- Tin Can Homestead: The Art of Airstream Living by Natasha Lawyer and Brett Bashaw,
- Glamping with MaryJane: Glamour and Camping by MaryJane Butters
The third book in the Sullivan's Crossing series introduces Dakota Jones who after spending years in the military is deciding what he will do with the rest of his life. He comes to Sullivan's Crossing to reconnect with his brother and sister who have found a home and happiness in the small town in the Colorado mountains. After arriving in town he is pursued by two beautiful women but is only interested the one woman he meets who isn't chasing after him. The Jones family has an uncoventional family history and learning to accept the past and move on is a part of their story. If you like romance and family drama with likeable characters and set in wonderful small towns you won't be dissapointed.
- Fools Gold Series by Susan Mallery,
- Creed's Cowboys Series by Linda Lael Miller,
- Cedar Ridge Novels by Jill Shalvis
This clever little book has 150 (most) commonly mispronounced words and descriptions of misuse. Although this book may not include every word you have questioned it does include a wide variety. Part of the fun in reading the book is that it will give several ways to correctly pronounce the word plus tell how it is normally mispronounced. The authors have also included history of the word's use. Some words you may have always hesitated to use and questioned how to pronounce and use it, while others never you might not realize "everyone" is pronouncing it incorrectly. The only downfall to the book was that it is limited to 150 words and some I always question where not included. This was a quick, fun read and an good resource.
- Savoir faire : 1000+ foreign words & phrases you should know to sound smart by Laura Lee ,
- The Horologico a day's jaunt through the lost words of the English language / Mark Forsyth ,
- You've got ketchup on your muumuu : an A-to-Z guide to English words from around the world / Eugene Ehrlich
Sometimes considered a taboo topic, race discussions are often swept under the rug. But not with this book. The author, Ijeoma Oluo, does not shy away from sensitive topics, with chapter titles such as "What is racism?," "How can I talk about affirmative action?" and "I just got called racist, what do I do now?"
Oluo provides excellent talking points and examples in each of her chapters often drawing on her own experiences and biases. The story of the basketball men visiting her group’s picnic shows she does not exclude or excuse herself for bias and insists we should all be so introspective.
This is an excellent read for any individual who wants explore the topic of race or to have open discussions with other willing community members.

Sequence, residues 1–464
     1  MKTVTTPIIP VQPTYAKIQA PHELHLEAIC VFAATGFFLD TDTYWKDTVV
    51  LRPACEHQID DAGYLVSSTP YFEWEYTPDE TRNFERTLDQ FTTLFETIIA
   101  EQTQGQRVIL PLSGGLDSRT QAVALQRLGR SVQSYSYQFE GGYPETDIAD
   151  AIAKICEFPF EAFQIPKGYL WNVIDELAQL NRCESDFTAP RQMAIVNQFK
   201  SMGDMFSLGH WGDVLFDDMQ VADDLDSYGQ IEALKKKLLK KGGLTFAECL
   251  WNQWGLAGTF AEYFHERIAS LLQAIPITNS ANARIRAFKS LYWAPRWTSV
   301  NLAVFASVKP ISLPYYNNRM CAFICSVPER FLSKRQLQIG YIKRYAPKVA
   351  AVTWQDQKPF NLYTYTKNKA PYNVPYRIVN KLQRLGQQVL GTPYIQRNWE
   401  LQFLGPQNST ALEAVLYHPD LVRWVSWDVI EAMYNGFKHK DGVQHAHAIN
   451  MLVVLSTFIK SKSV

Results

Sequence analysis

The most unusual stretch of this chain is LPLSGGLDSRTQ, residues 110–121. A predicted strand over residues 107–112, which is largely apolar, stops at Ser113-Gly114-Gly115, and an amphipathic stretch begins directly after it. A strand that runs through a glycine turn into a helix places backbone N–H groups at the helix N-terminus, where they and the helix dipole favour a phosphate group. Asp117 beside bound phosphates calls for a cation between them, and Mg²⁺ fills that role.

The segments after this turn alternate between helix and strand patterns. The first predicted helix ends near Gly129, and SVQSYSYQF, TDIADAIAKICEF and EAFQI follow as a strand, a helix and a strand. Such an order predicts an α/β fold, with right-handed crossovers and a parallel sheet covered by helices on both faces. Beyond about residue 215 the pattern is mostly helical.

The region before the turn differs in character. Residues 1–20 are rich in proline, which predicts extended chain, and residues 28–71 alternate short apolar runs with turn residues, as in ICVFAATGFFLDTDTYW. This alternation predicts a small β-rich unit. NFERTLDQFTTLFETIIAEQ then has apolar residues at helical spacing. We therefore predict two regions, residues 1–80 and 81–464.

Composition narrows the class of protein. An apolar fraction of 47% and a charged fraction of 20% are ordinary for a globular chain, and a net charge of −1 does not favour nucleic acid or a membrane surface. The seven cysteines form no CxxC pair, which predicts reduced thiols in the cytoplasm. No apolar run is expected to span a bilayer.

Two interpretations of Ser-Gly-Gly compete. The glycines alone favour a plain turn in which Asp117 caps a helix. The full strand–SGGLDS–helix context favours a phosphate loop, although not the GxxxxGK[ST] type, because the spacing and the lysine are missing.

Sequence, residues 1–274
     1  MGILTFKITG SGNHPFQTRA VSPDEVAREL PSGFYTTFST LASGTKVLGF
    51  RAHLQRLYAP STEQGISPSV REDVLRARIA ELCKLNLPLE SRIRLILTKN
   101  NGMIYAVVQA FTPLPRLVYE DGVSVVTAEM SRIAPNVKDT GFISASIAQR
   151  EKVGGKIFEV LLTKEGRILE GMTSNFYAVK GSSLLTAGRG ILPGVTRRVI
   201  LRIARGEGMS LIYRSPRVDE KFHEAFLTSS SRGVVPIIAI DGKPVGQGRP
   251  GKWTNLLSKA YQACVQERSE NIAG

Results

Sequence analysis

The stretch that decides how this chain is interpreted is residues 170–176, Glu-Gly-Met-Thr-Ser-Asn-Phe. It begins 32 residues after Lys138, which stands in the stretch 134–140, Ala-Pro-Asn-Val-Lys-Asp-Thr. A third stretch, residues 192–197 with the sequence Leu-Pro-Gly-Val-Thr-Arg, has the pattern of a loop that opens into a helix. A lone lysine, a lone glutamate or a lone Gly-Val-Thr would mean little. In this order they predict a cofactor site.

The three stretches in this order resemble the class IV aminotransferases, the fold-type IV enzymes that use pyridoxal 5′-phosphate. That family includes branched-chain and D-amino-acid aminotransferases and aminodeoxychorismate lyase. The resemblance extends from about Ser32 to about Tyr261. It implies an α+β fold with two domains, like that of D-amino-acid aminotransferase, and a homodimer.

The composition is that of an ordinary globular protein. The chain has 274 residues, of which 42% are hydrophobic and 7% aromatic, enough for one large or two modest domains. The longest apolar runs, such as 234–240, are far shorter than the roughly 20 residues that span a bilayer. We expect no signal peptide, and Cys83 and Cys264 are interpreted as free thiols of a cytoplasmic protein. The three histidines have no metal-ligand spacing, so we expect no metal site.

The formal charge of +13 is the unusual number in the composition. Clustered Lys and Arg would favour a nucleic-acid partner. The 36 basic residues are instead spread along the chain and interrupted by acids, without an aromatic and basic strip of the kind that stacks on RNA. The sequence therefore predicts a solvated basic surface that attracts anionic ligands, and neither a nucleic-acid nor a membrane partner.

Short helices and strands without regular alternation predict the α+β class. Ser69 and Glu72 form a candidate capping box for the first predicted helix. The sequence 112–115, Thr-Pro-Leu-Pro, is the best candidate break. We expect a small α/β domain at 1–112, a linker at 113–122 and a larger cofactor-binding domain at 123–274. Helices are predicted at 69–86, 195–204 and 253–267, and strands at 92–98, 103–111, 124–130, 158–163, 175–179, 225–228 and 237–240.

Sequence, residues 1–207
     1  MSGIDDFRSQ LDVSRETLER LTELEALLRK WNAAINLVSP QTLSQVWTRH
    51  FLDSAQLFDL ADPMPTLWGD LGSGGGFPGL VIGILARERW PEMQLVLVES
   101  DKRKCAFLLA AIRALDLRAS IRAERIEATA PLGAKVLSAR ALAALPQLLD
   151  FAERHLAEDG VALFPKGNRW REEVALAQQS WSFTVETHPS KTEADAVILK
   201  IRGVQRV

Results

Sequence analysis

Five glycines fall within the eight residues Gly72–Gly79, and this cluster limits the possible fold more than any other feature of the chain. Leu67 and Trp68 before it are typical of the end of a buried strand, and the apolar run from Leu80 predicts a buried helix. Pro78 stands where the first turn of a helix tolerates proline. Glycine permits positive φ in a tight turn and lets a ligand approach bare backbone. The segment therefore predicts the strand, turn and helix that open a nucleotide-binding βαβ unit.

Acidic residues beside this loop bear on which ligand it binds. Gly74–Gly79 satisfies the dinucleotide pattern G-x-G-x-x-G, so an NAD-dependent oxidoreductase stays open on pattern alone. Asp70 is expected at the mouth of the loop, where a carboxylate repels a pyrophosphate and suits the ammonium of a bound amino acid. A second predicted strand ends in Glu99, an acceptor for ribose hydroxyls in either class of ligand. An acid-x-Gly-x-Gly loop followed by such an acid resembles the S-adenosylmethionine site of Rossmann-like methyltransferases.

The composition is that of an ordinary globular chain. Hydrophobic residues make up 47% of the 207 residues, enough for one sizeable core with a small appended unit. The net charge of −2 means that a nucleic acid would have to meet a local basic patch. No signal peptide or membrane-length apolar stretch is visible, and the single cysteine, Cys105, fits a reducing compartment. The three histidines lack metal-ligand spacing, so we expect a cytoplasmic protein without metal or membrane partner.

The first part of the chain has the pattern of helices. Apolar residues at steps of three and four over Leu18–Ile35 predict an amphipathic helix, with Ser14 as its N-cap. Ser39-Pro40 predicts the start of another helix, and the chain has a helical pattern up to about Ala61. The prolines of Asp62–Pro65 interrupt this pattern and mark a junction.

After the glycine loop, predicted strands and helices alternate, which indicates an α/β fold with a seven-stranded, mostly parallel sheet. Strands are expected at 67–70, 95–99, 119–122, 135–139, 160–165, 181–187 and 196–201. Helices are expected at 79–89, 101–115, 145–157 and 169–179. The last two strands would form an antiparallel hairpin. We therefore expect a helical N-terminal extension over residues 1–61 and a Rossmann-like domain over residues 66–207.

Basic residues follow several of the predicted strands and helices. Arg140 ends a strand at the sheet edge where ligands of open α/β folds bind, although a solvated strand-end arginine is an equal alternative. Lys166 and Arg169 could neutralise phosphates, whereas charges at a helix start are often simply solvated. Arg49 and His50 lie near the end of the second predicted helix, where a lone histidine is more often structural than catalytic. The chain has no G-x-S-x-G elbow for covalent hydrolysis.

- We Were Eight Years in Power by Ta-Nahisi Coates,
- The New Jim Crow by Michelle Alexander
Life coach Jen Sincero uses inspiring life stories and funny advice to help readers find their inner greatness. Sincero wants readers to “understand why you are how you are, how to love what you can't change, how to change what you don't love, and how to start living the kind of life you used to be jealous of”. Whether you are looking for relationship, career or money advice, this book offers advice on a vast array of topics.
- The Subtle Art of Not Giving a F*ck: A Counterintuitive Approach to Living a Good Life by Mark Manson,
- Girl, Wash Your Face by Rachel Hollis,
- You Are a Badass at Making Money: Master the Mindset of Wealth You Are a Badass at Making Money by Jen Sincero
Bestselling author Nora Roberts takes on a plot that is all too realistic in our current lives-a mass shooting incident. Shelter in Place begins with a typical Friday night in the 90s with teenagers and families at a shopping mall. Simone and her friends are at the movies when a man steps into the theater and begins shooting. Meanwhile, Reed is a waiter at a restaurant in the mall, and while on break he witnesses another man enters the mall in a well-planned attack. Not everyone survives that night and the survivors have to learn to live with the events that happened. Years later, the survivors and rescuers are targeted by an unknown assailant. Can Simone and Reed stay alive while trying to catch the murder?
As an avid reader of the Romance genre, this book might be my favorite Nora Roberts book in her vast catalog of stories. Roberts does not hold back and her story is horrifyingly realistic. It is a spectacular physiological thriller that readers will not want to put down.
Shelter in Place is available at VCPL in Regular Print, Large Print, Audiobook, eBook and eAudiobook.
- Cold cold heart by Tami Hoag,
- Some kind of hero by Suzanne Brockmann,
- Killjoy by Julie Garwood,
- Blue smoke and murder by Elizabeth Lowell,
- Murder List by Julie Garwood
Creator of a very popular lifestyle blog and business, Rachel Hollis, releases her first non-fiction book that is part memoir, part motivator and a complete joy to read. Hollis designed each chapter to tackle a lie that every woman tells themselves. Each lie that Hollis told herself left her feeling undeserving, astounded and exhausted. Readers will enjoy Hollis’ writing style which makes you feel like your best friend is sitting next to you giving advice. Her goal is to remove the blindfold of the lies and help you lift yourself up to overcome. Once finished, you will be recommending this book to every woman you know.
Available at VCPL in Regular Print, eBook and eAudiobook. The author reads the eAudiobook and I HIGHLY recommend it.
Rachel Hollis also has two cookbooks available for check out in print at VCPL: